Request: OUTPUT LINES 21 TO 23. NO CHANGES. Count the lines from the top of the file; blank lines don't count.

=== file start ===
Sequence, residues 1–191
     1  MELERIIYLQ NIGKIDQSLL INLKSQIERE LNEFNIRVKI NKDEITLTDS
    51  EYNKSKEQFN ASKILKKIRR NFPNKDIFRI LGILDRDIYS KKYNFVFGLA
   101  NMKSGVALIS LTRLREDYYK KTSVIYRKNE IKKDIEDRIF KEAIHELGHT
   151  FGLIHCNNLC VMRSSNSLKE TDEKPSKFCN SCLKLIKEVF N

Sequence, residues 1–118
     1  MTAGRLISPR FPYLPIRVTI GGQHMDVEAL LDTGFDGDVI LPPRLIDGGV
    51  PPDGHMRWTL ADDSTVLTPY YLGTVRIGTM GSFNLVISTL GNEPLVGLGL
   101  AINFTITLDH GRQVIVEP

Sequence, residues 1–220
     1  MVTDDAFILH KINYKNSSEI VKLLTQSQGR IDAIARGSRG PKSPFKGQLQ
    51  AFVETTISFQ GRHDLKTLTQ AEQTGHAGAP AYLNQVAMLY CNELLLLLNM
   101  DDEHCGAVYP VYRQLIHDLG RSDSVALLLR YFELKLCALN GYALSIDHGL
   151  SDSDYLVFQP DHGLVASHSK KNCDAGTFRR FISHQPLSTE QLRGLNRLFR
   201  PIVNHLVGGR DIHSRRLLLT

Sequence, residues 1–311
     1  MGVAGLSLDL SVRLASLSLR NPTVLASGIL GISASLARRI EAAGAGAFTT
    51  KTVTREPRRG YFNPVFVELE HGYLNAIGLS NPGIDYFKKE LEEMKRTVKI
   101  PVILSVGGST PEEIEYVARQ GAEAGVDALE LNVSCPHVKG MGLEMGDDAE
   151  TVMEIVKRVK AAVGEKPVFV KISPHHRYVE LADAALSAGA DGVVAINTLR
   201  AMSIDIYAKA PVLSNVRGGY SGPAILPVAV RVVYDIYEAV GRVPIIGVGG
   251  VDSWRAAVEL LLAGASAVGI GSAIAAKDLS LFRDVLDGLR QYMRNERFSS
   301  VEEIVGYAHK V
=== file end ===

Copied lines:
   201  AMSIDIYAKA PVLSNVRGGY SGPAILPVAV RVVYDIYEAV GRVPIIGVGG
   251  VDSWRAAVEL LLAGASAVGI GSAIAAKDLS LFRDVLDGLR QYMRNERFSS
   301  VEEIVGYAHK V